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Problems of Humanity - Chapter II - The Problem of the Children of the World
One of our immediate educational objectives must be the elimination of the competitive spirit and the [47] substitution of the cooperative consciousness. Here the question at once arises: How can one achieve this and at the same time bring about a high level of individual attainment? Is not competition a major spur to all endeavor? This has hitherto been so, but it need not be. The development of an atmosphere which will foster the child's sense of responsibility and set him free from the inhibitions which fear generates, will enable him to attain even higher results. From the standpoint of the educator, this will entail the creation of the correct atmosphere around the child and in this atmosphere certain qualities will flourish and certain characteristics of responsibility and of goodwill will emerge. What is the nature of this atmosphere?

1. An atmosphere of love wherein fear is cast out and the child realizes that he has no cause for timidity. It is an atmosphere wherein he will receive courteous treatment and will be expected to be equally courteous to others. This is rare indeed to find in schoolrooms or in homes, for that matter. This atmosphere of love is not an emotional, sentimental form of love but is based upon a realization of the potentialities of the child as an individual, upon freedom from prejudice and racial antagonism and upon a true compassionate tenderness. This compassionate attitude will be founded upon the recognition of the difficulty of daily living, upon sensitivity to a child's normally affectionate response, and upon the conviction that love always draws forth what is best in anyone.

2. An atmosphere of patience. It is in such an atmosphere that the child can learn the first rudiments of responsibility. The children being born in this period and who are now to be found everywhere are of high grade intelligence; without knowing it, they are spiritually alive and the first indication of this aliveness is a sense of responsibility. They know they are their [48] brother's keeper. The patient inculcation of this quality, the effort to make them shoulder small duties and to share responsibility will call for much patience on the part of the teacher but it is fundamental in determining a child's character for good and his future usefulness in the world.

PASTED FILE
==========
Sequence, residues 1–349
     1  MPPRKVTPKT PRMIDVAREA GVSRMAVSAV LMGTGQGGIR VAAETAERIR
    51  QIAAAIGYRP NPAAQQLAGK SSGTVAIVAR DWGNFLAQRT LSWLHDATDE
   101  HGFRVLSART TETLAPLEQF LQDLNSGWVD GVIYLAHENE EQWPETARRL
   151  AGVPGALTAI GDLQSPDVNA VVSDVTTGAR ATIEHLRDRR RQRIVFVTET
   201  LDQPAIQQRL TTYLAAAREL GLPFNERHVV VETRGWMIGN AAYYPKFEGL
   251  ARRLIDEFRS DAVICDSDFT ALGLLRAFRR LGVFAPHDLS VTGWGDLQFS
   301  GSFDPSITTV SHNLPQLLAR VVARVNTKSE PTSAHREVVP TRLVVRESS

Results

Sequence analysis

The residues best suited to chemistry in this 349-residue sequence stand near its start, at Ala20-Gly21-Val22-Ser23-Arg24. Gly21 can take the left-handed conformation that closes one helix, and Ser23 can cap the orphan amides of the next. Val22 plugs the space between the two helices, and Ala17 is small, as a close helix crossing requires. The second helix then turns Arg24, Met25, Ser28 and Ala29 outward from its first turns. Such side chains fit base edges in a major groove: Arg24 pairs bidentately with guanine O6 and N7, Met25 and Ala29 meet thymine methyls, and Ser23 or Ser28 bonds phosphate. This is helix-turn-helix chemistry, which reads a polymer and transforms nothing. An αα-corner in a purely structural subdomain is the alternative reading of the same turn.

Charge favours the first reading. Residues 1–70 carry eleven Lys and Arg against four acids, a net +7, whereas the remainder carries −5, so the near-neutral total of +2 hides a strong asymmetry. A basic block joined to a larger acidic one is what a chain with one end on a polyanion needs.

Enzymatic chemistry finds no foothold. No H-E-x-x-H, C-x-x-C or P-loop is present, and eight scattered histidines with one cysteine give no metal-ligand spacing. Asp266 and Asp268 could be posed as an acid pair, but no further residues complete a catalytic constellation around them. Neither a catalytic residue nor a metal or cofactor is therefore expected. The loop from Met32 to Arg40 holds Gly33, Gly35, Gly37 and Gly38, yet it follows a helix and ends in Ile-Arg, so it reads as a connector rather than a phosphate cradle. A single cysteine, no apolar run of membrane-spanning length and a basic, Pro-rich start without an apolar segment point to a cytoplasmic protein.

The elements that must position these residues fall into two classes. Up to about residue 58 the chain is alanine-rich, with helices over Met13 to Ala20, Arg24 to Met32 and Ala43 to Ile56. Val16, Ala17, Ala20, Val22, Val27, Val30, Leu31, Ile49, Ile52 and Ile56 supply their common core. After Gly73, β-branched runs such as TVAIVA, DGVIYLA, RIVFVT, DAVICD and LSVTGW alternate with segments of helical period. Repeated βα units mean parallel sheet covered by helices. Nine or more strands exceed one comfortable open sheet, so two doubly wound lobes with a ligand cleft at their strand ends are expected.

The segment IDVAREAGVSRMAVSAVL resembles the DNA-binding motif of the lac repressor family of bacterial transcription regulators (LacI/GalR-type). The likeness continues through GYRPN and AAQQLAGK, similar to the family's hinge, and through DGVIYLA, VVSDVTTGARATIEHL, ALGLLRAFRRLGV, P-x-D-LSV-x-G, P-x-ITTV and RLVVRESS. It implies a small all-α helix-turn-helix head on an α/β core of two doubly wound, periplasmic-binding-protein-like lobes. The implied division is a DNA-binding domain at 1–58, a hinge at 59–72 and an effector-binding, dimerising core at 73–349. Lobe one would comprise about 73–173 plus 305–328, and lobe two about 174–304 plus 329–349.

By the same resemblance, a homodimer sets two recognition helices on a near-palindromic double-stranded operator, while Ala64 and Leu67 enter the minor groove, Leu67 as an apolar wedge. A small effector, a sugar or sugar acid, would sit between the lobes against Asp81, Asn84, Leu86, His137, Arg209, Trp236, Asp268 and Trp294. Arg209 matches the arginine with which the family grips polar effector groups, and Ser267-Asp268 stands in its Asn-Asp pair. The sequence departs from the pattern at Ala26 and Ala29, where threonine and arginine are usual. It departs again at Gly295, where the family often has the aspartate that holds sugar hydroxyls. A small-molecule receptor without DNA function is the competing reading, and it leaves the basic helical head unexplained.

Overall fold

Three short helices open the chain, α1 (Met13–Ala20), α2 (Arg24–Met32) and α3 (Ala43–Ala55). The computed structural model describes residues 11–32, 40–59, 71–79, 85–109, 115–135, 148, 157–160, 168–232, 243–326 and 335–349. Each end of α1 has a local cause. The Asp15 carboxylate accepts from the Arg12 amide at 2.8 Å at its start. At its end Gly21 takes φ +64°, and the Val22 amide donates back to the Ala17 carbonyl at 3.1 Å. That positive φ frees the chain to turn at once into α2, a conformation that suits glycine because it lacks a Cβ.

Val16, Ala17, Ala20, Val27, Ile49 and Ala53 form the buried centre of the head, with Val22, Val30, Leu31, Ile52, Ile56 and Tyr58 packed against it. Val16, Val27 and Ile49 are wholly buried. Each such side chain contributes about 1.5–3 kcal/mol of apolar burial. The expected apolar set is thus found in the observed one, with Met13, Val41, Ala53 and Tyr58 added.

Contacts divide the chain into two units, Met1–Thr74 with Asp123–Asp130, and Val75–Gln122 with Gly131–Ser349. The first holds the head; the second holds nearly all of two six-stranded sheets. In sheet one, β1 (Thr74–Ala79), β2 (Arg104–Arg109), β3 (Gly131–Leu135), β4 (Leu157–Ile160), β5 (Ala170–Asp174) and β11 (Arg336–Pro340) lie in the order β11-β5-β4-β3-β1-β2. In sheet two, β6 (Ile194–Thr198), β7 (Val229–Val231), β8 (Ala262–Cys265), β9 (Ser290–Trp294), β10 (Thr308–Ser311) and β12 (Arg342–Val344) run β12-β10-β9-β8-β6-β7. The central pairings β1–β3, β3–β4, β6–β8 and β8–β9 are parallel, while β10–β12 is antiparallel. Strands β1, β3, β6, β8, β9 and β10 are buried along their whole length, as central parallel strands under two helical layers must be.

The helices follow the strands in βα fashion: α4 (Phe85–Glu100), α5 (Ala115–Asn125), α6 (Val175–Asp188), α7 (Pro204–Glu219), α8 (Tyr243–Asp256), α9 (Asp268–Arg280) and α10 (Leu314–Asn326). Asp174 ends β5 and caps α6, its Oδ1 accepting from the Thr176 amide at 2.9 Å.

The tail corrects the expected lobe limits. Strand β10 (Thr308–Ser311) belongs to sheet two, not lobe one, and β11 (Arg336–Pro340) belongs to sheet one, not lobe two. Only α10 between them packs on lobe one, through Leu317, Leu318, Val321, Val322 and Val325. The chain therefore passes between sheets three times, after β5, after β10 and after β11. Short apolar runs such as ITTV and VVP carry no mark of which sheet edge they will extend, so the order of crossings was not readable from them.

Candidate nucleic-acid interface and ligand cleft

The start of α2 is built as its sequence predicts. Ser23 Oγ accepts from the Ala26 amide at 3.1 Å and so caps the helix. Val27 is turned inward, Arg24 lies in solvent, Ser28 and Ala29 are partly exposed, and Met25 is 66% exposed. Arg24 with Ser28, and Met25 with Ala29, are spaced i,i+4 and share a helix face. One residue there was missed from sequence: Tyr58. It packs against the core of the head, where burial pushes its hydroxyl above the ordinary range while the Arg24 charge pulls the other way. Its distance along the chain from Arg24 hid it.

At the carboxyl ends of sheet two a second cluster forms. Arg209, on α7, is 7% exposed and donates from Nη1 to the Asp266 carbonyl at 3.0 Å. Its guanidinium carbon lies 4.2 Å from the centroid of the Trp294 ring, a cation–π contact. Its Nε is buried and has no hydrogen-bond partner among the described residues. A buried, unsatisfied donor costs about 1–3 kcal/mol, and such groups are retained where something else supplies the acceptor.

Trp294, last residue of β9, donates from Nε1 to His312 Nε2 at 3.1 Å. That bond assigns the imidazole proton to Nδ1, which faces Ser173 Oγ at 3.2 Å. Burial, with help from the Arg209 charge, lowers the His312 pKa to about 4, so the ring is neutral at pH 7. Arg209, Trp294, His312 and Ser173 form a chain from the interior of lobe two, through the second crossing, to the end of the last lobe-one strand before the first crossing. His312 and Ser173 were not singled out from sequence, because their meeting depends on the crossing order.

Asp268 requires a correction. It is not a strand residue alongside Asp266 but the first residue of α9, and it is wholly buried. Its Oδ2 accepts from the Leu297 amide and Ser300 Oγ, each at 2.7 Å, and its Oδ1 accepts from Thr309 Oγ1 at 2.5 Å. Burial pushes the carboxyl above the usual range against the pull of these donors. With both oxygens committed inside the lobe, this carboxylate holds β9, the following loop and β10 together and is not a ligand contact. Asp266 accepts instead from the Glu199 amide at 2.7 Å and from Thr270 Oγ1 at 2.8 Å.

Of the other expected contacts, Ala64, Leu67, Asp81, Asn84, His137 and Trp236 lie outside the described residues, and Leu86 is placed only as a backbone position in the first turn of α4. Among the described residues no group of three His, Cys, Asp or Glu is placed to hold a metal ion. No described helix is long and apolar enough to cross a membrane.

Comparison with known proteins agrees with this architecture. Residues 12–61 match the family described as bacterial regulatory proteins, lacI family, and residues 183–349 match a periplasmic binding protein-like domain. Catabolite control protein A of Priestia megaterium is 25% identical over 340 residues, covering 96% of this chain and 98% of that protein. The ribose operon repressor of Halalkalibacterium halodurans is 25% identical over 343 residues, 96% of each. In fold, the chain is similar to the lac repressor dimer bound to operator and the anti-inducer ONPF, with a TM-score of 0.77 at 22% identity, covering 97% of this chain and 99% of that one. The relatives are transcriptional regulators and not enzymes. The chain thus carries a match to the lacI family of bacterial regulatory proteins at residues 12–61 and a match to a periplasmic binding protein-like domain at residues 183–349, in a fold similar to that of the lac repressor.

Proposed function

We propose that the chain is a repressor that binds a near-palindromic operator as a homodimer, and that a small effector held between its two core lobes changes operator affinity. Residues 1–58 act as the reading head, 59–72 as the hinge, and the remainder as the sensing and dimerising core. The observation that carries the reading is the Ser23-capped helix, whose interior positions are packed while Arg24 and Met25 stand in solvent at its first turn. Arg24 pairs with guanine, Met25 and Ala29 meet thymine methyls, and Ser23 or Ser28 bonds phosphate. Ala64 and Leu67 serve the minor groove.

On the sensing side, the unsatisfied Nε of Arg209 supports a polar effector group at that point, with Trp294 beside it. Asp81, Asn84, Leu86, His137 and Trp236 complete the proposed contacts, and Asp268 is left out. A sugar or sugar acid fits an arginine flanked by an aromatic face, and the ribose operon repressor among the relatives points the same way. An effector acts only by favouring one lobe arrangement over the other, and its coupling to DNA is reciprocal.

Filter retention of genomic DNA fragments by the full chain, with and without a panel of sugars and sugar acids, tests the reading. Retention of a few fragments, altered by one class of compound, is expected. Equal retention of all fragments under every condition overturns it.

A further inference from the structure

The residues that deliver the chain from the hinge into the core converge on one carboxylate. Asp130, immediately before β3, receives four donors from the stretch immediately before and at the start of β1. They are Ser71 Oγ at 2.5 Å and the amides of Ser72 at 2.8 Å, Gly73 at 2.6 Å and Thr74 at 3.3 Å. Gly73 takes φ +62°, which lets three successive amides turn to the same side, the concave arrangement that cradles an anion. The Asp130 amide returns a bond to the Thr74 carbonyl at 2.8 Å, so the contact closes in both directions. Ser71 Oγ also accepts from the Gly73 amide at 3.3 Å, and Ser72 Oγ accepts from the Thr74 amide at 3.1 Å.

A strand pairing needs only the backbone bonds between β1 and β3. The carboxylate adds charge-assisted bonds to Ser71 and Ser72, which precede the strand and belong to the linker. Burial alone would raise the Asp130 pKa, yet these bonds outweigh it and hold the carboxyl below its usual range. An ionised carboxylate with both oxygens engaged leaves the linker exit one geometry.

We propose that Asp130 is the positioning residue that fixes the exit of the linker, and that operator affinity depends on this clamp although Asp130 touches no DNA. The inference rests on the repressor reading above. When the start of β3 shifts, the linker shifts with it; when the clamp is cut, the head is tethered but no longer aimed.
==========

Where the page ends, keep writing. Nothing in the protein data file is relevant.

3. An atmosphere of understanding. So few teachers or parents explain to a child the reasons for the activities and the demands that are made upon him. But this explanation will inevitably evoke response, for a child thinks more than is realized and the process will inculcate in him a consideration of motives. Many of the things which an average child does are not wrong in themselves; they are prompted by a thwarted, inquiring spirit, by the impulse to retaliate for injustice (based on the adult's lack of understanding his motivation), by an inability to employ time correctly and usefully and by an urge to attract attention. These are simply the initial gestures of the emerging individual.

Older people are apt to foster in a child an early and unnecessary sense of wrongdoing; they lay emphasis upon petty little things which should be ignored but which are annoying. A correct sense of wrong action, based upon failure to preserve right group relations, is not developed but if a child is handled with understanding, then the truly wrong things, the infringements upon the rights of others, the encroachments of individual desire upon group requirements for personal gain, will emerge in right perspective and at the right time. Educators will need to remember   that thousands of children have looked on constantly at evil deeds perpetrated by older people; this will have perverted their outlook, given them wrong standards and undermined right senior authority. A child is apt to become anti-social when he is not understood or when circumstances demand too much of him. [49]

A right atmosphere, the imparting of a few correct principles, and much loving understanding are the prune requirements in the most difficult transitional period with which we are faced. An organized way of living will help much but the children we are considering have known little discipline. The work of sheer survival has been the prime preoccupation of their elders and of the children. It will be hard for them at first to react correctly to an imposed rhythm of living. Discipline will be needed but it must be the discipline of love and one which is carefully and exhaustively explained so that the child understands the reasons lying behind this mysterious new order of carrying on. The fatigue, inertia and lack of interest, incident to war and malnutrition, present definite difficulties at first. Educators and teachers will need to impose upon themselves a discipline of patience, understanding and love which will not be easy, for it will be paralleled by a profound sense of the difficulties to be overcome and the problems to be faced.

Men and women of vision in every country must be found and mobilized and they are there; they must have the equipment they need and the backing of those whom they can trust. Too much must not be demanded at first, for the immediate need is not the impartation of facts but the dissipation of fear, the demonstration that love does exist in the world and the inculcation of a sense of security. Then and only then will it be possible to proceed with those more definite processes which will make the long range plan which some of us have visioned a possibility.

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